18 Aug 2014

Minolta X-300 SLR Review

This is an overview/review of the Minolta X-300 SLR camera body.

This was in fact the very first ancient classic-looking SLR that I put my hands on, with a 50mm f1.7 prime. This was the first full frame + fast prime combination that I ever looked through. Having been used to a crop-sensor DSLR and its 18-55mm f3.5 kit lens (2 stops less light), the viewfinder on the minolta was such a pleasure to look through with that beautiful microprism thing in the middle for fine focusing.

I did not use that camera, however. The wind lever was stuck and the shutter release button did nothing. I let it go for £5 on top of the lenses that I had for it. The man who took it was very happy when he put 2x LR44 (A76) button cell batteries in it and it worked like a charm. This has to be the first and most negative point to mention about this camera. I do not like a camera that will not work without batteries. They run out, you're stuck.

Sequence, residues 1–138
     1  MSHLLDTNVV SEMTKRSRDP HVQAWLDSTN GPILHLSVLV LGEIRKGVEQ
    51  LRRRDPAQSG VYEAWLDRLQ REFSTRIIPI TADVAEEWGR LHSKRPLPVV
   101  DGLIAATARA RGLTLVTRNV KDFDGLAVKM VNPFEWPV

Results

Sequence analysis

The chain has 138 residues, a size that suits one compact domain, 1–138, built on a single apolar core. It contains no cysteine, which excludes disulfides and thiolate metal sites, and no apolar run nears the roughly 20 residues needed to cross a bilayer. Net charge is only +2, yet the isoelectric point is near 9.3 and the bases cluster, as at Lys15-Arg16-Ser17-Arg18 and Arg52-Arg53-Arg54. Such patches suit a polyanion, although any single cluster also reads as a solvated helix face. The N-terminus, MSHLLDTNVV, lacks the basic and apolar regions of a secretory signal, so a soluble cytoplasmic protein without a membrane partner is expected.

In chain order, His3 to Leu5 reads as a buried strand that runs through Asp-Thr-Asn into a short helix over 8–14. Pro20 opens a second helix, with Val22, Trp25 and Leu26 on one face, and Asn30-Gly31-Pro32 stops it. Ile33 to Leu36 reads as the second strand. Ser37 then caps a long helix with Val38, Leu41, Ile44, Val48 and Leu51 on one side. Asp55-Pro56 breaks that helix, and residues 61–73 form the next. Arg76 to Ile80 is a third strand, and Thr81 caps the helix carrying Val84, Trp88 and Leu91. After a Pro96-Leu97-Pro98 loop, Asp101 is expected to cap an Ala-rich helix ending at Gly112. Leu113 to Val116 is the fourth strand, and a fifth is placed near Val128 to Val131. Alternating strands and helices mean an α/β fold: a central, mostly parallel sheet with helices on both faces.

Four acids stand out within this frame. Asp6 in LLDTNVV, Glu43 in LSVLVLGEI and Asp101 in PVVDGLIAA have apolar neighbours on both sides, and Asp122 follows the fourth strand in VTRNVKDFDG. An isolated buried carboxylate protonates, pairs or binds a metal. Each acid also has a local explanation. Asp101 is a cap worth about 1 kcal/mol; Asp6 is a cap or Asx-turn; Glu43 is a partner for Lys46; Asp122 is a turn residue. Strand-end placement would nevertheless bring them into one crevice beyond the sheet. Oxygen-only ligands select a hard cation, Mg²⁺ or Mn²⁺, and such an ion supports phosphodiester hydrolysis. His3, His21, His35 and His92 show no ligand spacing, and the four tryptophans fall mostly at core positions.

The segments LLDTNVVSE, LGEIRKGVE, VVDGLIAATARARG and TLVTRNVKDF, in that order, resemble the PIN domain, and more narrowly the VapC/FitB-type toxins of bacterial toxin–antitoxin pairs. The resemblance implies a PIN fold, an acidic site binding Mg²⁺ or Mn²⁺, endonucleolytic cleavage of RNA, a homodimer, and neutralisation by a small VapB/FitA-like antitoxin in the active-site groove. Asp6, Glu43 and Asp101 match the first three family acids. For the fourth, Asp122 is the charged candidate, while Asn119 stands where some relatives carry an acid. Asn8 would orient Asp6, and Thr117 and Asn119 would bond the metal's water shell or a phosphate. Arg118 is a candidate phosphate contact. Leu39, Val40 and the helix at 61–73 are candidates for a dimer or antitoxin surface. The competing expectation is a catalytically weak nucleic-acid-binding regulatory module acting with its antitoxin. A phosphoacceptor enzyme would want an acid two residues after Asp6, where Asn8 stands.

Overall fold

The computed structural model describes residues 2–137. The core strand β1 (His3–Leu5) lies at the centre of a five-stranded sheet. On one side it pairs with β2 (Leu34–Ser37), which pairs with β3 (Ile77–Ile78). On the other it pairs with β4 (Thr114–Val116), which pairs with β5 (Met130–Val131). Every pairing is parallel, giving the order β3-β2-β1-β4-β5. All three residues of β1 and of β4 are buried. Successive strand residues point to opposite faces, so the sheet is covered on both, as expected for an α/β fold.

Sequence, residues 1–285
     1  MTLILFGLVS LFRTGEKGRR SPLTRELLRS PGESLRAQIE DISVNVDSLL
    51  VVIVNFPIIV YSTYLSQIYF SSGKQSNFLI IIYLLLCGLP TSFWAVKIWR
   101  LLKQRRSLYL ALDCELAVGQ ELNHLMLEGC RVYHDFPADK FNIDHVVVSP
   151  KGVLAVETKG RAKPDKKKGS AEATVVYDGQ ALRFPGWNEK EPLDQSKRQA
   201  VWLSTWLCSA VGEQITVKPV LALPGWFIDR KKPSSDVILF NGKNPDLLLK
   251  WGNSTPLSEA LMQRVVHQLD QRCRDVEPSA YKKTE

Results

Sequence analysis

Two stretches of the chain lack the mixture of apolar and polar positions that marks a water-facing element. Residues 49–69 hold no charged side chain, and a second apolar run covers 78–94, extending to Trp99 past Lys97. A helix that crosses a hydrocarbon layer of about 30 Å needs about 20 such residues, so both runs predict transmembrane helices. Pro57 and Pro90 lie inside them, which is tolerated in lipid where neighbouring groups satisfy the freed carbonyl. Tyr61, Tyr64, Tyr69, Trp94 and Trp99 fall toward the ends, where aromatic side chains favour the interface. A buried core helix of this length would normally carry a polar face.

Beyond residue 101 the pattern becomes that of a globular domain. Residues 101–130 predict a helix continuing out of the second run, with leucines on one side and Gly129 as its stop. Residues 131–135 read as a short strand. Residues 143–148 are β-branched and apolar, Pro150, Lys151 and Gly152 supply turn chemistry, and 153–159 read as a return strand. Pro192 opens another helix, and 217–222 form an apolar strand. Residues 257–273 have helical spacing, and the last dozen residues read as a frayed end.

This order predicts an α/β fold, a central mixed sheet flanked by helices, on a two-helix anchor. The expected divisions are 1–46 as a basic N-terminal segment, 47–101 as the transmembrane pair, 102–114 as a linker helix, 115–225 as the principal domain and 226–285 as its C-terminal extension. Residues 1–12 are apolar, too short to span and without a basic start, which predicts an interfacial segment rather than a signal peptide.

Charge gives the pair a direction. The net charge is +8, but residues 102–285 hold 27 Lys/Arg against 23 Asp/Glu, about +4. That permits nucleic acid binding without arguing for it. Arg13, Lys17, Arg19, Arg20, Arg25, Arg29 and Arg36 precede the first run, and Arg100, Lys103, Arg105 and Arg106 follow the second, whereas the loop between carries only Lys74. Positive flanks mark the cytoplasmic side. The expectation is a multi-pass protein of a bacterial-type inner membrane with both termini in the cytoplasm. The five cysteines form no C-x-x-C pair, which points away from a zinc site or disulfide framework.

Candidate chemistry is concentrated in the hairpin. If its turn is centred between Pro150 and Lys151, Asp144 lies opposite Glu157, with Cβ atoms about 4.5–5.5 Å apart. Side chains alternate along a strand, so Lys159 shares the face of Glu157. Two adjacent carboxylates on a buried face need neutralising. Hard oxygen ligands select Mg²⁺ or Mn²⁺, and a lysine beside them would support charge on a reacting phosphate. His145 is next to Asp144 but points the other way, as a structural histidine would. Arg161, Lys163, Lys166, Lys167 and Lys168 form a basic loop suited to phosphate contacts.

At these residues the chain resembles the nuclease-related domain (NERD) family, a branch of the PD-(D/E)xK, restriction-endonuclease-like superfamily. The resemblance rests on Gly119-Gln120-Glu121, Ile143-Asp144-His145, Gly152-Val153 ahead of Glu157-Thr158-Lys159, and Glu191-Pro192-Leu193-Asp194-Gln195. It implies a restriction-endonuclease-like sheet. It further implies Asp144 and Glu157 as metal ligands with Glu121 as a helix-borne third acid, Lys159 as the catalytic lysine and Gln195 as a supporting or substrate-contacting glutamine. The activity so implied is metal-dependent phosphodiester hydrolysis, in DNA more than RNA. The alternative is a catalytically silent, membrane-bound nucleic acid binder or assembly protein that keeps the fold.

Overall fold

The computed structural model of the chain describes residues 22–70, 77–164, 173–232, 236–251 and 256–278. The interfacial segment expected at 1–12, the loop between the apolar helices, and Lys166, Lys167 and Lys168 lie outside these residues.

When batteries are present and the camera is turned on, the viewfinder shows the metered shutter value in red LED dots to the right of it. In the top right corner one of two letters will be lit: A if your shutter dial is set to Auto, or M if you're in Manual mode. To lock a metered reading, you press the AEL thing on the front of the camera body, cleverly combined with the Self-Timer in a single two-directional switch that you can press with your middle finger to lock while reserving your index for the shutter release.

The second point to mention is that this is an Aperture Priority camera only. It does not support a fully automatic P mode where the camera sets both the aperture and shutter speed based on your ISO and available light, and similarly no TV (shutter priority mode) where you set the shutter manually and let the camera choose the appropriate aperture value. This is simply because this camera does not have a facility to automatically control the aperture. You can either use it in full manual mode, or Av mode simply by setting the shutter speed dial to Auto.

This camera also lacks a PC-sync port, so that rules out the option to sync your studio strobes, or some old pc-sync-only flashes such as hammerheads, without the use of a hotshoe-to-pcsync adapter.

It also lacks a depth of field preview button, as there is nothing to pull that aperture lever until you actually release the shutter. When you dial in a different aperture value, the aperture actually stays open until the shutter is released so there is no way of previewing your depth of field if you ever need to do that. On the plus side, this maintains a bright viewfinder and the shallowest possible depth of field for fine focusing.